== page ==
Research & Resources

Relations Among Adolescent Alcohol and Cannabis Co-Use, Adolescent Impulsive Traits, and Prospective Change in Impulsive Traits into Emerging Adulthood

This study tested patterns of adolescent alcohol and cannabis co-use and their links with adolescent impulsive traits and changes in impulsive traits into emerging adulthood. Data came from the Add Health study and encompassed two time points spanning adolescence (ages 13–18) and emerging adulthood (ages 19–25). Four profiles of co-users and alcohol-only users emerged, with profiles differing in levels of adolescent personality and prospective personality change. Frequent adolescent co-users had higher levels of adolescent sensation seeking and impulsivity, but also reported the steepest decline in both traits into emerging adulthood. The researchers discussed these findings in terms of personality theory and public health implications.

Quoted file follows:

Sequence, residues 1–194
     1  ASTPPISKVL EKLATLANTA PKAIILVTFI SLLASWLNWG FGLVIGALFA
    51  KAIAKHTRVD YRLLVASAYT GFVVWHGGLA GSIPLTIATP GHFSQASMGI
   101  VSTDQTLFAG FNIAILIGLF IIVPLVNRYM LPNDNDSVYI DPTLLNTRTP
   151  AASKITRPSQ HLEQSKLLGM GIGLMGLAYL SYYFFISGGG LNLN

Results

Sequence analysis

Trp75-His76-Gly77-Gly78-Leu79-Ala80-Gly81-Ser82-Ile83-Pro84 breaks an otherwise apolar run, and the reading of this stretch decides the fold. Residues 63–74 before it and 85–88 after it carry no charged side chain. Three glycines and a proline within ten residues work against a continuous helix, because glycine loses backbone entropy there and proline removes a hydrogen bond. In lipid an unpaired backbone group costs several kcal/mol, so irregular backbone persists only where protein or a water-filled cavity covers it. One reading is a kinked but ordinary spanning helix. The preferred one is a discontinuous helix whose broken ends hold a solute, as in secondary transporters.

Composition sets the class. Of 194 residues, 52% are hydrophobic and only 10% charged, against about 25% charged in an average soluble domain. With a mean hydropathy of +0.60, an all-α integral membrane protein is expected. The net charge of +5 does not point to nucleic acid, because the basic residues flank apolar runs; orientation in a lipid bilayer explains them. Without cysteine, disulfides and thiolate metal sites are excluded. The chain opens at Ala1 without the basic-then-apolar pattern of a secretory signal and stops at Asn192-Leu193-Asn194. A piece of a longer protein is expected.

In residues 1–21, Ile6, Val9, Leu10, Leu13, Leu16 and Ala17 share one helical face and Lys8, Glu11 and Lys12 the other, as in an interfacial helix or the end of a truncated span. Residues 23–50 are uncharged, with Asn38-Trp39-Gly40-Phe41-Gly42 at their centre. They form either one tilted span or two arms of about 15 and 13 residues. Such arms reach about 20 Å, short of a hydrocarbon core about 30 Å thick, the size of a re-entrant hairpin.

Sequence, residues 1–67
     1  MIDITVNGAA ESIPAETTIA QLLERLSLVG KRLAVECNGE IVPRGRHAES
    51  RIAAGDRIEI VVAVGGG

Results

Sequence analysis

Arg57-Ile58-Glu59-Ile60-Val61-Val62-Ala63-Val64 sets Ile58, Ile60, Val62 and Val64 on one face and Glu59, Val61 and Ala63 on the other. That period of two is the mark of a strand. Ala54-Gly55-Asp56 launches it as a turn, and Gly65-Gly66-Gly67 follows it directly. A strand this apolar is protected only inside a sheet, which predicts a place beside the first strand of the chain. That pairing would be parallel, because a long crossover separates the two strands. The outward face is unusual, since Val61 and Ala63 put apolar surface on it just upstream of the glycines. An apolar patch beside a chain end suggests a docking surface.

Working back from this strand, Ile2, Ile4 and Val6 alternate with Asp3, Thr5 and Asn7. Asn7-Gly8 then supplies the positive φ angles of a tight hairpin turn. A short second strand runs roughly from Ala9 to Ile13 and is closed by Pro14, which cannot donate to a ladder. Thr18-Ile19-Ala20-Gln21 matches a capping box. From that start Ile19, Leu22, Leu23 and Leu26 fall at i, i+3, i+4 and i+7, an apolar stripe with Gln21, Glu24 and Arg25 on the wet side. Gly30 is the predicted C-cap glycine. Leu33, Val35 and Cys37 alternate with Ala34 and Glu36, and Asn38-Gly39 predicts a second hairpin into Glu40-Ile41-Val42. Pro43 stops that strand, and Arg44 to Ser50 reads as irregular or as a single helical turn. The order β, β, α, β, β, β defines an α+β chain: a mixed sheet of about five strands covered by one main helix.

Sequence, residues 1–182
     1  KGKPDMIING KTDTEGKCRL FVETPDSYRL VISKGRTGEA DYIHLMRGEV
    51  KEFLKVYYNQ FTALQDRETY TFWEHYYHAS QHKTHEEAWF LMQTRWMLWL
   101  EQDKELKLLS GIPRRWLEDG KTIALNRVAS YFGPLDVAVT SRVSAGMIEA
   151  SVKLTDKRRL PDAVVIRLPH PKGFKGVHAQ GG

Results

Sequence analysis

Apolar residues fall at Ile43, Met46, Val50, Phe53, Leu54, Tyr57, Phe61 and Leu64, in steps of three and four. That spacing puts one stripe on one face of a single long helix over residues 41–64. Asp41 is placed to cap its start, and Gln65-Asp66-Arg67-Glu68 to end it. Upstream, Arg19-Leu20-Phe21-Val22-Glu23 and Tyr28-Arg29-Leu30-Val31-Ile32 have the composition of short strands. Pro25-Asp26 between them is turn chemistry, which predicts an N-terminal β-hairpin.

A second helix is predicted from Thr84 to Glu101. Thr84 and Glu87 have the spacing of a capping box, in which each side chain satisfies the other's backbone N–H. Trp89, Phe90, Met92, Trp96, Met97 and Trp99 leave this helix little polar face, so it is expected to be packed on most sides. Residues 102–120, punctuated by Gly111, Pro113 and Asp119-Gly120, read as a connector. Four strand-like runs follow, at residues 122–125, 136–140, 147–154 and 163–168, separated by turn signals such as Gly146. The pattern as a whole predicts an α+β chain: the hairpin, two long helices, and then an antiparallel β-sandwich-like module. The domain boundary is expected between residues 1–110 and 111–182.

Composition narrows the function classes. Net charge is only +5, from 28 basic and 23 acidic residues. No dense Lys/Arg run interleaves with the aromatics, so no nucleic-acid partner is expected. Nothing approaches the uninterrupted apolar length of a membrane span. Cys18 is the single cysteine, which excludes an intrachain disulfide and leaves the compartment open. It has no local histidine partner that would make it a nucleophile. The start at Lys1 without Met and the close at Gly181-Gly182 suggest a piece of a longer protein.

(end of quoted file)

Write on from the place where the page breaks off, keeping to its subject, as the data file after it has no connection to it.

This paper, “Relations among adolescent alcohol and cannabis co-use, adolescent impulsive traits, and prospective change in impulsive traits into emerging adulthood,” was funded by the National Institute on Alcohol Abuse and Alcoholism (NIAAA) and published in the journal Cannabis.

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